Number 1 already

One very key area of trading to get straight in your mind is the incredible importance of the USD. For many retail traders, FX pairs are initially seen as equal players on the stage. However, they are far from equal and one currency that tops them all is the USD. More than 70% of all currency transactions involve the USD. Furthermore, around one-quarter of the whole world’s GDP comes from the US. So, when America does well, the whole world benefits.

The US has a unity of 50 states that the EU can only dream of. Many of the EU states have national identities that are so strong they have no notion of being ‘European’. Taking a look at the views of EU citizens only around 51 -63% see themselves as ‘European’. Take a look at the data set here from 1992-2013 According to the International Monetary Fund World Economic Outlook (Oct 2019), the US makes up 24.7% of the entire world’s GDP. China touted as a power to rival the US, is still playing second fiddle to the US with around 16.9% GDP contribution. I find a pictorial breakdown most helpful in seeing the role of these two nations in terms of global GDP contribution. Although the chart is from 2017, it still makes the point well today:

Geographical reasons for greatness

If you think that geographical factors have nothing to do with a nation’s place in the world then think again. My eyes were opened to the influence of Geography by Tim Marshall’s book, Prisoners of Geography. I highly recommend it if you would like to see how the world’s major powers might be influenced by something as simple to overlook as geography. This book would serve as a great introduction. I particularly found it helpful seeing where key waterways were in the world and how key nations would be scrapping over them to keep supply routes open.

The US has, using a panned out view, three major parts: the East Coast, the Great Plains, and the West coast. The first most obvious point is that the US has great access to two oceans; the Pacific and the Atlantic, and that is not to mention the Mississippi flowing into the Gulf of Mexico. Take a look at this map of the US below:

The East coast leading to the Appalachian mountains is a well-watered coast with short but navigable rivers. Jump over the Appalachian’s and you are in the huge Mississippi basin and the Great Plain region which stretched all the way over to the Rocky mountains. The Mississippi basin is a perfect environment for trade with a network of easy to travel rivers leading to the Gulf of Mexico and onto the rest of the world. Once you travel over the Rockies you get to the desert, the Sierra Nevada Mountains followed by a thin coastal plain and then to the other great ocean to the world, the Pacific. That this expanse of land is taken by one person is a huge advantage for the US. Furthermore, north and above the Great Lakes lies the Canadian Shield which is a large natural barrier to human settlement. Head South West and you have a desert. So, the US has a great Geography protecting it from attack.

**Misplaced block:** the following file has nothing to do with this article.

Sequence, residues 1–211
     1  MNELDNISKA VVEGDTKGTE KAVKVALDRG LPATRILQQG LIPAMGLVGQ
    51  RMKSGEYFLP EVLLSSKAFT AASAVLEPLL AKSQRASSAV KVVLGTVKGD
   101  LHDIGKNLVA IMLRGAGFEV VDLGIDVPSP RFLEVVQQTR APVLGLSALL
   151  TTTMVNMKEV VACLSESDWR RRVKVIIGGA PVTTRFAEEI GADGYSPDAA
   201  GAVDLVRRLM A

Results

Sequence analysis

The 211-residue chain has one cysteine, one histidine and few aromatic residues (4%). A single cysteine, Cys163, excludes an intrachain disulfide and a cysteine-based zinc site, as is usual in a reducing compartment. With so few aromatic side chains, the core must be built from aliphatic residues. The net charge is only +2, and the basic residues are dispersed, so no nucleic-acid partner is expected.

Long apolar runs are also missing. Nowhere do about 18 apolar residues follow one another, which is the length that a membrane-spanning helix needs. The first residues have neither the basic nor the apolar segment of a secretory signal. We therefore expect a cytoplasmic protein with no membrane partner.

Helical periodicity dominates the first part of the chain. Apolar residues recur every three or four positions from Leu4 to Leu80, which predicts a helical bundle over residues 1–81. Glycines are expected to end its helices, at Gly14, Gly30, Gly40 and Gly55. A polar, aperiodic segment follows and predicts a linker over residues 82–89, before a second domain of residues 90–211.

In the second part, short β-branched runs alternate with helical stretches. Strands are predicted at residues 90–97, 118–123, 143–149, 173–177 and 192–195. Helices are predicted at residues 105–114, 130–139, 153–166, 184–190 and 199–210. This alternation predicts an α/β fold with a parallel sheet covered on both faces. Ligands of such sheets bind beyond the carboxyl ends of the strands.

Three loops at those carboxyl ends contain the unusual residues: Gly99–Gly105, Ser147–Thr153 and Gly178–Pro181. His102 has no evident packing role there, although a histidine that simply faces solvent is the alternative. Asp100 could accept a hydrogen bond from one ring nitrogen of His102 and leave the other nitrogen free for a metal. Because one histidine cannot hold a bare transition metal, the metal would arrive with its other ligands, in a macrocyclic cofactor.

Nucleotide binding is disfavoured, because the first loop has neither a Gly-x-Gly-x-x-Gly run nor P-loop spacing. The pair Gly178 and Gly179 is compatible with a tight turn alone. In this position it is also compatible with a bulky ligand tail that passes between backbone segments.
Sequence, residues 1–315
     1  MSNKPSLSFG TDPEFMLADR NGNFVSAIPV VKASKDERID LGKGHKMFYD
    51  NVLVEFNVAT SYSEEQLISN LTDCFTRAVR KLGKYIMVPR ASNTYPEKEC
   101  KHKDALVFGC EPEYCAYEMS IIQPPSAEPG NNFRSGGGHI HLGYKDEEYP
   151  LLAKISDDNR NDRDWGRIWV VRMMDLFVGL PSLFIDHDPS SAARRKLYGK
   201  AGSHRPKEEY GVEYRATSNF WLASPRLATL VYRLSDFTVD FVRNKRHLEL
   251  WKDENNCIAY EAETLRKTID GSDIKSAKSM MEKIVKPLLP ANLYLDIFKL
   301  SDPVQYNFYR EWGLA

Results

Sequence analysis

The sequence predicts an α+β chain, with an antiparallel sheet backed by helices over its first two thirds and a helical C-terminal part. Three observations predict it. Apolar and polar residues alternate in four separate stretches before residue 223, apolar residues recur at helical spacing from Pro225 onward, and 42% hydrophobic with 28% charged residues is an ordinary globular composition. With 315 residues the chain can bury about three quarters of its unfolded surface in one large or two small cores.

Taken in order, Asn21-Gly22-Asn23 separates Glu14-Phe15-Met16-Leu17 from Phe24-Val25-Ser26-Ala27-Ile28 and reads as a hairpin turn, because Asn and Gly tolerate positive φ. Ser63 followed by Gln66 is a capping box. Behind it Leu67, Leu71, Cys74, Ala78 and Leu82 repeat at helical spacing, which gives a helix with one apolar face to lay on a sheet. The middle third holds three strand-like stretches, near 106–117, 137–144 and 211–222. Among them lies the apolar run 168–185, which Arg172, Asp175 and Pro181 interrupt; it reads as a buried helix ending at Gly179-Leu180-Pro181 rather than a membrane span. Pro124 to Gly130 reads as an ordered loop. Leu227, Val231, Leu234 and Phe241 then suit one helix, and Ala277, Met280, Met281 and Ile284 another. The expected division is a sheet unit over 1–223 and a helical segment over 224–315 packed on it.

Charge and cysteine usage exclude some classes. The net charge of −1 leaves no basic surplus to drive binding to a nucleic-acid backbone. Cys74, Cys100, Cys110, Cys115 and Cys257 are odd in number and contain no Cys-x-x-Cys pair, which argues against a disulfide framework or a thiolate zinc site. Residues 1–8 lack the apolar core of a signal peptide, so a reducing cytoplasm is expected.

Even Grandma has a gun

Yes, it is important to realise that nearly everyone in America has a gun. So, even if any nation did manage to overcome the natural barriers they would meet the huge US army, the National Guard, the state police, and millions and millions of guns handled by everyday citizens. None of this is to argue that the US is invincible. It is simple to argue that it remains preeminent for good reasons.

The USD is the world’s reserve currency

As the markets collapsed around March during the COVID-19 pandemic the USD rose strongly higher. Why was the USD so strong? The USD is the de facto global currency. It became the world’s reserve currency after the negotiation of the Bretton Woods Agreement in 1944 when the decision was made that the world’s central banks would use fixed exchange rates between the US dollar and their own currencies. The USD is kept by Governments in reserve since countries and companies around the world trust the USD. It was for this reason that we saw the USD act as a safe haven currency alongside the JPY and the CHF even as global equity markets fell.

Why is the USD in such demand?

There is more than $1.8 trillion is in circulation around the world. In fact, according to the Federal Reserve, around 65% of all US currency is in circulation outside of the US. See the chart here:

The reason for the USD’s popularity is as we know now that the USD is the world’s largest economy. The US is economically and politically stable. This means that the USD is less prone to large fluctuations in price than say the Turkish Lira or the Argentinian peso. This is also why some countries like Ecuador and Zimbabwe even use the USD as their own currency. It helps these countries to have a stable currency that is less prone to wide swings which otherwise some emerging currencies might be expected to have.

Ending Tim Marshall’s chapter on the USA is a quote from Prussian statesman Otto von Bismarck who said more than a century ago that ‘God takes special care of drunks, children and the United States of America’. Now Otto’s theology may or may not be a little rusty around the edges, but the popular view that the US is finished or poised to decline is, at the very least, premature by the current standing of the US. That current standing is still number 1. So really it is not a question of making America great, but rather keeping it great.